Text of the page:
Technology’s Role in Clinical Data Collection.
At incredible speed, digital technology is transforming nearly every facet of daily life. Mobile tech like smartphones, tablet devices, and apps offer industries and individuals alike a vast world of connectivity and information at their fingertips.
One notable exception is the human services industry, which hasn’t embraced digital technology at the same rapid pace. To meet the demands of their growing industry – and the needs of the millions it serves – some clinicians and staff are paving the way to revolution.
Matt Johnson Makes A Revolutionary Move.
“Years ago, it was all pen and paper,” explains a head-shaking Matt Johnson, Vice President of Clinical Services at NuPath, a provider based in Massachusetts. “It still IS in many places,” he adds. “There hasn’t been a drastic change throughout the field in the way behavioral data is collected.”
A pause. “Until now.”
For Johnson and countless others within the human services industry, “drastic change” was long overdue. With more than 25 years of experience working in human services – including 12 as a clinical director – Johnson was only too familiar with the inefficiencies of the “pen and paper” approach to data collection. “Accurate data collection relies on the person collecting that data, whether they’re a clinician, staff member, or direct support professional,” he continues. “There’s always been some degree of error. We’re people, and mistakes happen.”
The problem is a lot is riding on that information. “The data we’re talking about – behavioral data, sleep data, exercise data – is incredibly important,” adds Johnson, whose organization delivers practical care and clinical support for the disability community. “The information provides us with a picture of how someone is doing and guides the different approaches we use, from evaluating individual goals to possible medication changes.”
Johnson stops briefly, then continues.
“Digital data collection marks an impactful shift in generating a clearer picture of a client’s progress and current needs versus prior practices.”
A Real-Time Tool Making A Real Impact
Responsibility for that “impactful shift” belongs to Navigating Life, a digital app created to synchronize support systems for the human services industry. “What we’ve seen with Navigating Life is game-changing,” says Johnson, “Not just for clinicians, staff, and providers but also for the people NuPath supports and their families.”
“The staff are already in the app, messaging with and posting photos for families, which makes it that much easier also to log data. This tool benefits everyone within the human services community.”
With his central role in NuPath’s overall operation and its programs, Johnson was perfectly positioned to guide the organization’s adoption of Navigating Life and monitor its progress. “It was the first experience I’ve had with an app where the staff can enter usable information on the go.” Traditionally, clinicians and caregivers chronicled their daily observations post-shift, manually uploading hastily scribbled pen and paper notes into “the system.” Navigating Life upends that practice and provides a user-friendly portal for Johnson and the NuPath team to upload direct data entry throughout their shifts. “A clinician or staff member can access the simple, easily managed dashboard and share of-the-moment information about the person they’re supporting.”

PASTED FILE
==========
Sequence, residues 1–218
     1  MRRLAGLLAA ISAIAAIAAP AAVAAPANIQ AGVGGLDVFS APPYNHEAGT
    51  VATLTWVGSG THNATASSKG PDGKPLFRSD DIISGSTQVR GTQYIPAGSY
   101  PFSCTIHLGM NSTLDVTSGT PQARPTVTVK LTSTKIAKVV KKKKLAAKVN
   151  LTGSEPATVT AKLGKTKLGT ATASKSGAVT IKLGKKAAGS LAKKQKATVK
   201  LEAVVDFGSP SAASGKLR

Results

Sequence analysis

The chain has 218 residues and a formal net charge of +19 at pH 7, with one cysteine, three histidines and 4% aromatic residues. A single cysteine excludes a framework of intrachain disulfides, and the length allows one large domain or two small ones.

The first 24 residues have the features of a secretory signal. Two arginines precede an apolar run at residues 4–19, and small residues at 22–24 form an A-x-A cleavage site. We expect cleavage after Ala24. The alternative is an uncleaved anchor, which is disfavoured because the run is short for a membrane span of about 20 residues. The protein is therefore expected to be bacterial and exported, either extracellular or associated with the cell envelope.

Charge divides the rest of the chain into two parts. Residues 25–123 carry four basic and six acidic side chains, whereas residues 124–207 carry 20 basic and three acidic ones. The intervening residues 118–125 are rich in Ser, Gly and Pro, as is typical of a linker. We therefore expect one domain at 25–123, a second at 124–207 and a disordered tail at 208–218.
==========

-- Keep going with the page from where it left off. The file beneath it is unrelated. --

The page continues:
While on-shift data collection needed to be easy, it also had to be flexible. NuPath’s clients occasionally require extra attention. Said Johnson, “It’s not always convenient for our staff to enter behavioral data right then and there. Navigating Life lets them focus on helping their client at the moment they’re needed, allowing them to upload the necessary information later.”
Clinicians aren’t the only ones who value access to real-time information. “We’re hearing lots of good feedback from family members,” says Johnson. “Through the photo feed, Navigating Life lets them look into a loved one’s day, maybe share some of the smiles and the successes. It’s a powerful way for all of us invested in the human services experience to stay connected.”
Another substantial advantage of providing real-time information is having real-time access to it. For example, Johnson suggests, “Someone I’m supporting is at an emergency doctor’s appointment, and NuPath has data pertinent to that appointment. I can go into the system and pull that information just when the client/patient needs it most. No one is left waiting for a fax or for me to pick up the paperwork and drop it off. The ease of access is huge.”
For Matt Johnson, Navigating Life’s potential impact could be far more significant than improved clinical data collection and easy access.”The data is what it is. What we can do with the data – that’s where the opportunities exist. Out of that information, clinicians and caregivers can establish more accurate baselines, create better strategies for the people we support, and find clearer paths towards their goals.”
New technologies like Navigating Life can help pave the way towards an exciting era in clinical data collection, where better data leads directly to better care.